I Can’t Think Straight
Layla and Tala have nothing in common, except that neither woman knows what to do with her sexuality. In exploring each other, they find themselves alienating everyone else, especially their families.
This is a culture that I am not familiar with. There are certain communities and religions that do not accept homosexual behaviour, and an insight into it like this novel is valuable under any circumstances.
I can’t say that this was my most favourite book to read. I felt even like I was rereading a story I had seen before, and that I wasn’t getting much new out of it. I didn’t empathise with the protagonists, so that was where I was let down.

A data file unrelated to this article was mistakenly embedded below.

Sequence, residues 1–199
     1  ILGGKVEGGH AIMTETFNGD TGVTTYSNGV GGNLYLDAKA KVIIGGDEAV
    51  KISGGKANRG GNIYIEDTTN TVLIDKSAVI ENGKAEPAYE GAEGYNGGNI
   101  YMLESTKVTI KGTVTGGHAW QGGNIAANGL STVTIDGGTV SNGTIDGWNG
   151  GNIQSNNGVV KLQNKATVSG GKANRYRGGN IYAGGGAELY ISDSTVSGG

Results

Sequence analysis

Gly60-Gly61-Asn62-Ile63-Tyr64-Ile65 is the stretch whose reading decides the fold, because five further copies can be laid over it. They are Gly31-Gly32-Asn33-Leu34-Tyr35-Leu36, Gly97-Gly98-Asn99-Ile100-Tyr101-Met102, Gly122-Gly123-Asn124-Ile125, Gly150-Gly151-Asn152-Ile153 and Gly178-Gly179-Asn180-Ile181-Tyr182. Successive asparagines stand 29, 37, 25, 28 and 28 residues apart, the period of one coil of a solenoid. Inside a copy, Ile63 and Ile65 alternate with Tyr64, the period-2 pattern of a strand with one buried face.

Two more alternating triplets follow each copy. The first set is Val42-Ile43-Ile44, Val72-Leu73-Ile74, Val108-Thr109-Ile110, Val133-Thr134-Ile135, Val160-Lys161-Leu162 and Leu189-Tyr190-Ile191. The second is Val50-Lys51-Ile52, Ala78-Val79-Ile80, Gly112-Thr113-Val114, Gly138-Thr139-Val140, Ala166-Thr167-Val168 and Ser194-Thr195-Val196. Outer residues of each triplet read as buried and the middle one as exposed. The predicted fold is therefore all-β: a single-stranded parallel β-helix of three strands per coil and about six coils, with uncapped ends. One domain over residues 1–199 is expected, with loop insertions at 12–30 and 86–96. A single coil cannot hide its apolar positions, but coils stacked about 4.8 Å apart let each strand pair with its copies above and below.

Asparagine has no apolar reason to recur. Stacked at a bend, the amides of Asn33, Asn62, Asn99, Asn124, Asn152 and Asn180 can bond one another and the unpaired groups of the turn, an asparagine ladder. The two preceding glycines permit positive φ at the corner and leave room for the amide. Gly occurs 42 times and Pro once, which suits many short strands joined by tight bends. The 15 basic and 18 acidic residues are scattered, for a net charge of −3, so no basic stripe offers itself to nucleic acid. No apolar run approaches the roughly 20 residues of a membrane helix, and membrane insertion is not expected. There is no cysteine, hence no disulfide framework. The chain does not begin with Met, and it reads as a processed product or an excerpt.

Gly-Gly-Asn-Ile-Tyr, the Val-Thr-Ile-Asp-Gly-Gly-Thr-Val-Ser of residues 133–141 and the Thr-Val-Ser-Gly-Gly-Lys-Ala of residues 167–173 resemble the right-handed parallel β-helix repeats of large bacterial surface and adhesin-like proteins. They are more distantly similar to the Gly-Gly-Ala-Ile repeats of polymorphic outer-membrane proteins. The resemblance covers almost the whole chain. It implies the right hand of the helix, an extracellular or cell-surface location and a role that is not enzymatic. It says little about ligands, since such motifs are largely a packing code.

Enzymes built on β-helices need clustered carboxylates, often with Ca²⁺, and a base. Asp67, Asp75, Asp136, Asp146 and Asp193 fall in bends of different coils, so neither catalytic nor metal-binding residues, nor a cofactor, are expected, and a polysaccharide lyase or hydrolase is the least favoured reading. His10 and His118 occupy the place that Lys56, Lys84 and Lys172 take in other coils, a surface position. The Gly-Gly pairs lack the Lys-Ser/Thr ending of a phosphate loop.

As it’s a queer novel, I can’t completely discount that it might be useful to someone else. I would suggest that people in a similar situation would benefit from the hindsight and limited retrospection of this novel to be able to take a step back.
Did I enjoy the novel? Well, yes, in a manner of speaking. The text itself wasn’t bad, it was all me – I couldn’t ‘get’ the characters in an intimate enough way to connect with this novel.
One final note, I find it hard to believe that they are soul mates. How do people know that? If you’re able to move on, talk to other lesbians, then maybe you weren’t meant to be in such a volatile environment when friends have to set you up!
This is a movie – which I haven’t seen, and I’m not sure I will aim to, unless it accidentally crosses my path.